1280x1024 vs. 1280x960

The mention of flat panels with a native resolution of 1280x1024 prompted me to throw this together.

Why 1280x1024 and not 1280x960?

640x480 = 1.33 ratio width to height
800x600 = 1.33 w/h
1024x768 = 1.33 w/h
1280x960 = 1.33 w/h
1280x1024 = 1.25 w/h!
1600x1200 = 1.33 w/h

Every other normal resolution is the same ratio why is 1280x1024 fairly common and used rather than 1280x960? Why are some flat panels supporting this bizarre oddball resolution? It doesn’t seem to make sense. It seems that scaling at a constant ratio would be a good thing how did this abomination get in there?

Sorry this is kind of a pet peeve of mine.

– Xaroc

This is actually a pet peeve of mine, too. 1280x1024 is a resolution common in the workstation side of graphics, back in the CRT days. I dunno why it became the defacto res for flat panels, except possibly that early flat panels were more for workstations than desktop PCs.

Now, what I really want are fast response time, 16x10 or 16x9 aspect ratio displays (1600x1024). There are 16x10 displays, but they have terrible response times.

Probably something technical and psychological at the same time, 1024 is a known pixel range while 960 is not; 1024 is also the result of an exponent of 2. Why that matters I have no idea.

I’m sure there are other more technical reasons… oh well. Why do hot dogs come in packages of six and buns in eight? (or maybe other way around).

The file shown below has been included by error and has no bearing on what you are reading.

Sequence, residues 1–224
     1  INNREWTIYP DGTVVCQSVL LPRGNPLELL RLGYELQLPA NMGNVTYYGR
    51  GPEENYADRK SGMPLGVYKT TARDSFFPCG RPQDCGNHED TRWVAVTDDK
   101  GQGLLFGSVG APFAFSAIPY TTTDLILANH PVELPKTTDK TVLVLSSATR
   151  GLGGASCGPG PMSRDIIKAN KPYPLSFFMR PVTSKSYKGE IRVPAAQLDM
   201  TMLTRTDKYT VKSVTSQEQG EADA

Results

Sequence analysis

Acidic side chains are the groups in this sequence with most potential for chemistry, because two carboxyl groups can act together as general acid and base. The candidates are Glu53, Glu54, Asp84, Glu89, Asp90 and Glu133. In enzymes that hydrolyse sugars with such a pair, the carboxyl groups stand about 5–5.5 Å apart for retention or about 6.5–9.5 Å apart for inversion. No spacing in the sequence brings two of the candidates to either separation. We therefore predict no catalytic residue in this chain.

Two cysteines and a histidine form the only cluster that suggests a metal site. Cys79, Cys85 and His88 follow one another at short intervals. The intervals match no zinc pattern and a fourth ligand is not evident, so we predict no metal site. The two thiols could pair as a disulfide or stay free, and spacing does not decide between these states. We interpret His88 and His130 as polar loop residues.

— Alan

That’s odd, my 1800FP dell 18" flat panel only supports 1280x1024 and 1280x768. There is no 1280x960.

It’s probably marketing. “960 is so close to 1000… can’t we do something to get it higher so people think they’re getting a better value?”

“Why sure, let’s do 1280x1024.”

“Excellent! That’s 10% better!”

Ok my question is why would you want that odd res as native for a flat panel? That is a 1.5625 ratio. I do run my 2nd machine’s monitor at 1600x1024 but that is a carryover from running a 2nd DAoC account in a window while simultanously having the TV software running.

– Xaroc

I run my desktop CRT at work at 1152x864.

At home, I use 1024x768 on my CRT.

For some reason, at work, 1024x768 looks too big, while at home, 1152x864 looks too small.

I might consider higher resolutions if I had a better monitor.

1152x864 is the same 1.33 ratio as the rest of the proper resolutions.

– Xaroc

Yeah, that’s one thing that’s keeping me from going to an LCD for my main screen. I run at 1280x960. 1600x1200 is too small and doesn’t offer any advantages for what I do, but I hate what 1280x1024 does to pixel ratios when I’m doing Photoshop & stuff.

[quote=“Xaroc”]

Ok my question is why would you want that odd res as native for a flat panel? That is a 1.5625 ratio. I do run my 2nd machine’s monitor at 1600x1024 but that is a carryover from running a 2nd DAoC account in a window while simultanously having the TV software running.

– Xaroc[/quote]

Well, I also want widescreen gaming to become more common, too. 16x10 or 16x9 matches HDTV resolutions. Standard TV is 4:3,
as are most standard computer monitors. So 16:9 or 16:10 would
make a great widescreen resolution.

Strictly speaking, it should be 16x9 (1.78:1), which actually matches HD aspect ratios. I happen to be running a Sony WDM-900 at 1600x1024, and I can get two pages side-by-side – and readable – on a screen without having a second display.

I run my laptop at 1920x1200 (Inspiron 8500), which is 1.6:1, and the laptop is fairly widescreen, doesn’t distort regular 1.33:1 resolutions very much at all, and works pretty well in most instances (also use big icons).

— Alan